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Dig Deep: An Investigative Rogues’ Gallery

This week's installment in our series in which we regularly point you to some of the best investigative reporting you might otherwise miss.

Dig Deep: An Investigative [...]

A man crosses the Central Intelligence Agency logo in the lobby of CIA headquarters in Langley, Virginia, on Aug. 14, 2008. (Photo by Saul Loeb/AFP/Getty Images)

In Trump’s first month he has filled the Washington swamp with a collection of established power brokers, billionaire donors and wiley operators. This week we look at new reporting on some of the powerful individuals gearing up to run our government, and we check in on a few ongoing mysteries that have yet to unravel.

 


 

CIA Cables Detail Its New Deputy Director’s Role in Torture
ProPublica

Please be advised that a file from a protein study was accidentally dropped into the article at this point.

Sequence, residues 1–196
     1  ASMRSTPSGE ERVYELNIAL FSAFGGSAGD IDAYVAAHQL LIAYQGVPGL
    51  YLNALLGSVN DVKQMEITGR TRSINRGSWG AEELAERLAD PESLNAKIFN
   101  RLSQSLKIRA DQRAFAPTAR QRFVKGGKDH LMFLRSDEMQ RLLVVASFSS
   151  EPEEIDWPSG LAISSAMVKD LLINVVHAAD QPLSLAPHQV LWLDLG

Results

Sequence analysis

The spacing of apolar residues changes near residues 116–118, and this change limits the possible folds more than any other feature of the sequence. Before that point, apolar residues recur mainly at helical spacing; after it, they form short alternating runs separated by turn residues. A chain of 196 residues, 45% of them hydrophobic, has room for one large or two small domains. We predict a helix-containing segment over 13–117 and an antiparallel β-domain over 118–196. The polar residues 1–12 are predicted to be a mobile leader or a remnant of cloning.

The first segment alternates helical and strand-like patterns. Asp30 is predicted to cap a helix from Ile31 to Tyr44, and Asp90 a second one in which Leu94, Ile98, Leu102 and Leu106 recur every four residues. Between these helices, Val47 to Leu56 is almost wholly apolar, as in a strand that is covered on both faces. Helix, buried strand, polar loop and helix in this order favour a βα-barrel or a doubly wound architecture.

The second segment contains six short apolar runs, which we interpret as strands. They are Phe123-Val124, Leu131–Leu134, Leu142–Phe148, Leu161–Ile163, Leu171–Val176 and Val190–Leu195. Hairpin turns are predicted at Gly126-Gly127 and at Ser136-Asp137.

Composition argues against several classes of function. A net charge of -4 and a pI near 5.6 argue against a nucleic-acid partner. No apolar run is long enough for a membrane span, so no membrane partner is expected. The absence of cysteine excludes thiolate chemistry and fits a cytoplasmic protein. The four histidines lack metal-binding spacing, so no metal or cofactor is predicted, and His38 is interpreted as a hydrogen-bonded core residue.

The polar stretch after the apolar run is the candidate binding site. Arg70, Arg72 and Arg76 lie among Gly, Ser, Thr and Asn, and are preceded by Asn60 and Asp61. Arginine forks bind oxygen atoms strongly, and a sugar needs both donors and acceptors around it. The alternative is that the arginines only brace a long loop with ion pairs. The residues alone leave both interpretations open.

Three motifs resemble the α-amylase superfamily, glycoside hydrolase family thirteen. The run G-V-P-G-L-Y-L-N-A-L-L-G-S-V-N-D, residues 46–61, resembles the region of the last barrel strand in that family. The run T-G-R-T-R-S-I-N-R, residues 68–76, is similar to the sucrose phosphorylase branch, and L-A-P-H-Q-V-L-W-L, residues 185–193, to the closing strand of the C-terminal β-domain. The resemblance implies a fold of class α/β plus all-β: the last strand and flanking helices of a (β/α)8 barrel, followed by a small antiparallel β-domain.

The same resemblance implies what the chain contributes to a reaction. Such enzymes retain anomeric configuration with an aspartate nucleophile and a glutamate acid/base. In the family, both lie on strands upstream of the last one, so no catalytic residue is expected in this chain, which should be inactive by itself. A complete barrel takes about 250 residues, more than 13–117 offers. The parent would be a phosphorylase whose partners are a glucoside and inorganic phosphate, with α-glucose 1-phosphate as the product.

Meet Gina Haspel. She is President Trump’s choice to be second in command at the CIA. Earlier this month, John Kiriakou, the former CIA counterterrorism officer who blew the whistle on the Bush administration’s torture program (and served time for doing so), introduced Haspel this way: “CIA director Mike Pompeo lauded her ‘uncanny ability to get things done’ and said that she ‘inspires those around her.’ Maybe. But many of the rest of us called her ‘Bloody Gina,’ and we kept our distance.” With good reason, according to this report for ProPublica by Raymond Bonner. Bonner combed through newly available records and previously published accounts, and found that Haspel had a more direct role in the practice of torture than previously understood. She was in charge of the CIA black site in Thailand where Abu Zubaydah, an al-Qaida detainee, and others were repeatedly tortured. Bonner writes that Haspel, alone, could have stopped the torture: “She never did so, records show, watching as Zubaydah vomited, passed out and urinated on himself while shackled. During one waterboarding session, Zubaydah lost consciousness and bubbles began gurgling from his mouth. Medical personnel on the scene had to revive him.” Eventually the CIA concluded that Zubaydah was not al-Qaida after all. He had no information to cough up. Zubaydah is still incarcerated in Guantanamo and is suing his torturers. Not only did Haspel videotape the torture, she later destroyed the tapes. A chilling picture emerges, nonetheless, from the recently released CIA cables excerpted by ProPublica. A court filing from Trump’s Justice Department this week says it will assert “state secrets privilege” to prevent Haspel from being deposed.